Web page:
(Garrett Graff inspired me in working on this notes. Met him briefly the day after the election and of course my notes from his classes in the spring and summer helped me as well. Paul Johnson and George Thompson, my current professors in Political Campaign Communication, will also recognize a few of their points. I have retrieved the notion of costumer relations management from Mette Bom´s and Birgitte Raben´s article in the Danish magazine Mandag Morgen MyPresident.com:Sociale medier vinder præsidentvalget”about Obama´s social media strategy. Unfortuantely, I cannot link to it).



Voter-Generated Content

The democratic ideal of voters being in charge of elections might, in general, be an illusion but social media offers a tool to fulfilling the ideal. Robert Scoble wrote more than a year ago when the campaigns took off: “Any one of us can post a video that´ll change the outcome of this election. That video will get found thanks to the much more efficient word-of-mouth network that is social media.” Besides video, voters are generating everything from t-shirts, blogs, news, to bumper-stickers, but what does it mean?


Videos such as YouTube have been predicted to take over this campaign. Hundred thousands of videos are uploaded everyday. So far, none of the candidates have “suffered” from a Macaca moment as George Allen did in the Senate race in Virginia in 2006. Researching for this blog entry, I stumbled upon a debate on TechPresident in the fall 2007 about who is running the best Web campaign – Mike Huckabee or Ron Paul? In the end, everyone agrees that Ron Paul ran the best campaign online. I got curious to check out what Huckabee did. Unfortunately, Zephyr Teachout did not link to any of the sites she is mentioning, and I could not find the videos on the campaign site (now turned into a PAC site with only archives going back to March) – except for the YouTube channel that the campaign had created. Huckabee shared voter-generated videos on a daily basis on his campaign website – Obama, Clinton, or McCain do (did) not encourage or share voter-generated videos on their sites. What does it mean? According to Teachout:

Video images are a central syntax of elections, and unless you encourage people to use their power to join the creation of the moving-image election, you are limiting their reach. I believe people who create video will be better critics of ads, being better able to understand how they are being manipulated; its not the only step, but its a critical step into the circle of creating your own politics. All of these candidates have enough supporters that they could choose to encourage this kind of activity, but they aren’t.“

Pictures are easy to produce on cell phone or digital cameras and easy to share on cell phones, blogs, or photo sharing/social networking sites like Flickr. Today, 60,087 pictures have been uploaded on Flickr of or related to Barack Obama, 5,730 on McCain. A lot of pictures are from rallies around the country, most are taken in a positive light, and some are “hate messages.” I am not a photo expert, but I am amazed by the quality of the photos. Some of them could be official campaign photos but there are produced by supporters. Some of these unofficial pictures might be used later in official campaign material. Or, they might already have been used.


Blogs have been part of U.S. elections for the last couple of cycles. There are tons of political blogs out there. Just like YouTube videos, some of them get a lot of attention, spread through the concentric circles and become part of the conversation for quite some time online as well as offline. Obama´s campaign experienced this mechanism, when Mayhill Fowler who is the voter and citizen-journalist behind the so called Bitter-gate. Fowler published a blog on Off the Bus about Obama´s comment on white, bitter voters in Pennsylvania, said during a closed fundraising. This caused a lot of fuzz and buzz in the media and Obama had to spend a lot of resources fighting this gate right before the important primary in Pennsylvania. The lesson learned is that a candidate can never talk “off the record”.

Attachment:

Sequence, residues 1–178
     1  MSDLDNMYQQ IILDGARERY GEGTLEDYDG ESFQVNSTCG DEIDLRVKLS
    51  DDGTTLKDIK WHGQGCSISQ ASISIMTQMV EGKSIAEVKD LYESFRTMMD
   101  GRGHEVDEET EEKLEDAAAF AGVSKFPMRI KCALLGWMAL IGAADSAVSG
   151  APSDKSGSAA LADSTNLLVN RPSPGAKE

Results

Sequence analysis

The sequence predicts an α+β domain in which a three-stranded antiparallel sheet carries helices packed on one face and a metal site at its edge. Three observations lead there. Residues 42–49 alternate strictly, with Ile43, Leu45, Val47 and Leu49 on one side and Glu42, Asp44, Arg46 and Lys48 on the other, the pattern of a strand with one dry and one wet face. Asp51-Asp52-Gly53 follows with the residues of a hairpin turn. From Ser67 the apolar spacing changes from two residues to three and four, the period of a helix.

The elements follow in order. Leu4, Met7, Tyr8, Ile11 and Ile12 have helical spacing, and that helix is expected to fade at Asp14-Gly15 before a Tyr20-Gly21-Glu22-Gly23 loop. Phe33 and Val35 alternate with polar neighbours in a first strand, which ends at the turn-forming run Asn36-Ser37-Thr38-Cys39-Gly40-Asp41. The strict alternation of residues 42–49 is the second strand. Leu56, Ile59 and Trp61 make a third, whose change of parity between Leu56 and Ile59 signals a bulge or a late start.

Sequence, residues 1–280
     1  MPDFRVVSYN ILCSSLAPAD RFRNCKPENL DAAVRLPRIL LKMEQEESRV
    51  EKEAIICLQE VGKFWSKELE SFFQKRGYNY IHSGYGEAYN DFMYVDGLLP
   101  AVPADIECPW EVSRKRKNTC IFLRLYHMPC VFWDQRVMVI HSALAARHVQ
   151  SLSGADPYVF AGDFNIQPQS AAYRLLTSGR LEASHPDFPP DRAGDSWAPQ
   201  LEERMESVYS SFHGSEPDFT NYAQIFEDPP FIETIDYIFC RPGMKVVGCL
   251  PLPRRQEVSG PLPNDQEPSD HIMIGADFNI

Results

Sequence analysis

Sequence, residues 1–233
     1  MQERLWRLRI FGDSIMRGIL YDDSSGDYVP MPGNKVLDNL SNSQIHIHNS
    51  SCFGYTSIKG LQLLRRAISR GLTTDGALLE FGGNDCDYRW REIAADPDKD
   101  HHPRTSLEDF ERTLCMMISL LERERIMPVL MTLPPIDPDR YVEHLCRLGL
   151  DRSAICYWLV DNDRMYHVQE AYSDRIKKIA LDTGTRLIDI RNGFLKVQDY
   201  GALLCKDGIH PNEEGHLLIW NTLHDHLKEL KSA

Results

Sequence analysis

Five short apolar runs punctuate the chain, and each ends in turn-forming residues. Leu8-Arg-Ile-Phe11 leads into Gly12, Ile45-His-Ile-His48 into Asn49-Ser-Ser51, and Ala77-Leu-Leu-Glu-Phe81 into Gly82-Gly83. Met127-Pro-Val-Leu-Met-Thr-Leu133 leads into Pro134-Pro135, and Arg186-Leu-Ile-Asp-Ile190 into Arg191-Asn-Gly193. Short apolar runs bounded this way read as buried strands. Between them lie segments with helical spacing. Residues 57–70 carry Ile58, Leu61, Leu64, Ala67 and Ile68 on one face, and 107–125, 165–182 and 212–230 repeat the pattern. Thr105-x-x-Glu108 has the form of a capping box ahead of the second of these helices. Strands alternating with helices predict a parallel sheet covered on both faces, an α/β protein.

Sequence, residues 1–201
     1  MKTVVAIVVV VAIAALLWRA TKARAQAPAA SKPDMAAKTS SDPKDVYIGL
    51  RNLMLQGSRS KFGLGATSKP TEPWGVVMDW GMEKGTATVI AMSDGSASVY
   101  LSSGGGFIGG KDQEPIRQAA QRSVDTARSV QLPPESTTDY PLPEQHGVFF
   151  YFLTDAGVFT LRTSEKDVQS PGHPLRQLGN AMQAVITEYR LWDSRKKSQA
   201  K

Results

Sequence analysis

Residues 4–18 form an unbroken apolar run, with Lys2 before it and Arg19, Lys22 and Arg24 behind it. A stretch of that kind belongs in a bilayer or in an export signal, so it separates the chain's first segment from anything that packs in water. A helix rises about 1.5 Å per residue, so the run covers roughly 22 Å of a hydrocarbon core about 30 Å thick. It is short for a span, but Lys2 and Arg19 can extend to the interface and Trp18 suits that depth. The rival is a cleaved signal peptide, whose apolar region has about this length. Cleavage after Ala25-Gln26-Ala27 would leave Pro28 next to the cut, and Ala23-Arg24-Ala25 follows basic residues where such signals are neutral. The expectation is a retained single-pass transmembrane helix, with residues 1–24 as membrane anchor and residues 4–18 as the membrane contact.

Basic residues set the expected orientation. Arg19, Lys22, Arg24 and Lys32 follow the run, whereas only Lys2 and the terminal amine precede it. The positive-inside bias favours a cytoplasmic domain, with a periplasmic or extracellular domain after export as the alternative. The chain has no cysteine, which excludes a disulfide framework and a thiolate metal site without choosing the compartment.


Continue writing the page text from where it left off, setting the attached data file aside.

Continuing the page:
Barack Obama is the king of voter-generated content. Check out the numbers – for t-shirts, My Space groups, Facebook members or apps. He is generating hope and thereby support (online). On his campaign site, you’ll find the social networking site MyBarackObama where you can blog, find friends, find events, or raise money. Never the less, I found this interesting post on epolitics quoting Clay Shirky from PDF 2008: “it seems like a social network but it actually contains relatively little lateral conversation. I.e., it’s portrayed as a social network, but people aren’t using it as one — it’s not as much of a person-to-person communications tool as we normally think of social networks as being. So, does that make it a top-down tool masquerading as a bottom-up tool?

The Frozen Pea Fund

 Three stories about social media and networking have captured my attention the last month. First, it was Kiva, second, the Frozen Pea Fund, and third, St. Baldrick’s. Kiva is social networking site where everyone can lend entrepreneurs money. The Frozen Pea Fund raises money for research in breast cancer the American Cancer Society. St. Baldrick’s is also a social network raising funds and awareness to conquer kid’s cancer. They are all working for the good cause in trying to help better life for someone in need. The tools are there, and I wonder what the effects of campaigning in these environments are. For my Social Media Report I took a dive into social media and breast cancer to see how the tools are used. I´ve got the impression that the main American (breast) cancer organizations do not promote their causes more by using these tools.

 frozenpeasontwitter.jpgBut The Frozen Pea Fund is an example of a fundraising effort using the social media tools. It is a grass root organization started by Connie Reeze when her friend Susan Reynolds was diagnosed with breast cancer in December 2007. (The American Cancer Society supports the initiative.) The fund uses a social media site, the blog Boobs on Ice, Twitter, and a wiki. It has got a lot of attention (like here and here), and when I heard an interview with the founder on the Hobson and Holz Report, I was actually a bit surprised that they had not raised more money. Maybe my expectations are too high. Furthermore, the fund does not get good ratings in either Quantcast or Technorati. Since I have done my report I can see that a lot of things are going on. The website and the wiki are undergoing some changes. I can also see that Susan Reynolds has some problems by being recognized by Technorati. I cross my fingers that the Frozen Pea Fund will continue its work because it is a good cause, and I am sure other women diagnosed with breast cancer will learn a lot from reading Boobs on Ice. I did – also as the daughter of a breast cancer survivor.  PS. The Frozen Pea Fund has directed my attention to a video project by the American Cancer Society that I did not find in my research for my paper, and I might have to adjust my first impression of the American Cancer Society.